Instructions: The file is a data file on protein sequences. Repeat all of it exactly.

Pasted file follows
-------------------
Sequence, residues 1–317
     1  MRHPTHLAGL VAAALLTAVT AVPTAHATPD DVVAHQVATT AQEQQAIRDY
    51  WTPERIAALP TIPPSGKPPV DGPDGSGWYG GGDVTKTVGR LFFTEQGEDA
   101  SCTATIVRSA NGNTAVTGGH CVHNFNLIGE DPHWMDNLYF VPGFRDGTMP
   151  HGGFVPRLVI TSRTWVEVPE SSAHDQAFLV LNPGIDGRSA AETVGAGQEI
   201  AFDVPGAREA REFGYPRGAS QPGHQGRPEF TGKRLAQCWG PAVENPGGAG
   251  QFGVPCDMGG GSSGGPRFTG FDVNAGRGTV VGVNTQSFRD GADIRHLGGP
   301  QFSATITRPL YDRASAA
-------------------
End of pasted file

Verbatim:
Sequence, residues 1–317
     1  MRHPTHLAGL VAAALLTAVT AVPTAHATPD DVVAHQVATT AQEQQAIRDY
    51  WTPERIAALP TIPPSGKPPV DGPDGSGWYG GGDVTKTVGR LFFTEQGEDA
   101  SCTATIVRSA NGNTAVTGGH CVHNFNLIGE DPHWMDNLYF VPGFRDGTMP
   151  HGGFVPRLVI TSRTWVEVPE SSAHDQAFLV LNPGIDGRSA AETVGAGQEI
   201  AFDVPGAREA REFGYPRGAS QPGHQGRPEF TGKRLAQCWG PAVENPGGAG
   251  QFGVPCDMGG GSSGGPRFTG FDVNAGRGTV VGVNTQSFRD GADIRHLGGP
   301  QFSATITRPL YDRASAA